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Dell Laptop Uses Intel's New Cooling Design

By - Source: Tom's Hardware US | B 46 comments

Dell's new Vostro V130 features Intel's Hyperbaric Cooling.

Tuesday Dell introduced the ultra-portable Vostro V130, one of the slimmest and lightest 13-inch laptops available measuring 0.65-inches at the front, 0.78-inches at the back, and weighing at least 3.5 pounds. But perhaps one of the notebook's more notable features is the implementation of Intel's new Hyperbaric Cooling, one of the first to use the new Advanced Cooling Technology.

Unlike typical fans which push hot air outwards, Hyperbaric Cooling uses an internal fan that pulls air into the laptop from the left side, cooling off key components to prevent overheating. The heat is collected in the airflow and then pushed out the right side of the laptop. This design allows for quieter laptops because the fan can run at lower speeds.

However in the case of Dell's new laptop, images don't show ventilation ports on the left and right sides. Instead, entry and exit ports are mounted on the rear. This could indicate that the device uses two fans to pull in and maneuver the air across the components, and then back out into the open.

"By using cold air directly from the outside and then directly blowing across the hot components, you create a more efficient cooling solution," said Rajiv Mongia, a principal engineer at Intel. "This is because by blowing air across the components, you create more intense convective cooling and often get more cooling flow through the platform."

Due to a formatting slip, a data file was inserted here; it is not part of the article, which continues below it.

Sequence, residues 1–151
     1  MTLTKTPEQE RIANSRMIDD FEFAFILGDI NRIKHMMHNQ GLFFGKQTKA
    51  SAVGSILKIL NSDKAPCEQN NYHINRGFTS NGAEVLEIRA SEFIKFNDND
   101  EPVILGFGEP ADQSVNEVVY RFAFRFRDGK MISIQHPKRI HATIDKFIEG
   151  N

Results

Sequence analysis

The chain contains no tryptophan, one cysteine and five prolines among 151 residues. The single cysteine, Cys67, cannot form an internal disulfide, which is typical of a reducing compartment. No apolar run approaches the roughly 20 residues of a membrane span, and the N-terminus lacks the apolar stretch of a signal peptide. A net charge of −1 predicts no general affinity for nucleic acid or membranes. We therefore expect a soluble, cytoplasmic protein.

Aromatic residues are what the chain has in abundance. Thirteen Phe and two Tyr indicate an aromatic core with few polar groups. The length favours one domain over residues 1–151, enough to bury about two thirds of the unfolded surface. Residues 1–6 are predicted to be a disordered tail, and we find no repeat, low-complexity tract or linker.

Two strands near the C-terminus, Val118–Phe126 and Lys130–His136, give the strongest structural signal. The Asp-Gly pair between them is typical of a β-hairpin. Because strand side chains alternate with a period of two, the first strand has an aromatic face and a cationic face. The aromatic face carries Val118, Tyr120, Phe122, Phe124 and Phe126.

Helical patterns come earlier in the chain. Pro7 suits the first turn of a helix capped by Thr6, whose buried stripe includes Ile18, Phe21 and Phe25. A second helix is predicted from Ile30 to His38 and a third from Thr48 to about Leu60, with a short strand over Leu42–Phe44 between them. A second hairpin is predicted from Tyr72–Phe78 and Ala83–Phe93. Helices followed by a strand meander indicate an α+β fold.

Dell said that the new laptop was designed with the needs and wants of on-the-go entrepreneurs in mind. The chassis is constructed from sturdy aluminum and reinforced with zinc hinges and a magnesium alloy palm rest, able to survive everyday bumps and thumps.

Starting at $429, the Vostro V130 offers a choice of Intel Core i5, i3 and Celeron Dual Core CPUs, up to 4 GB of DDR3 SDRAM at 1333 MHz, an integrated Intel Graphics Media Accelerator, a 13.3-inch HD WLED display with Anti-Glare (1366 x 768), up to 500 GB via a 7,200 RPM SATA hard drive and more.

"With the V130, we are adding the functionality customers asked for without sacrificing the beautiful design they fell in love with in the V13," said Sam Burd, vice president, Consumer, Small and Medium Business Product Group, Dell. “Starting today, I predict the V130 will fast become the must-have travel companion for today’s mobile professional."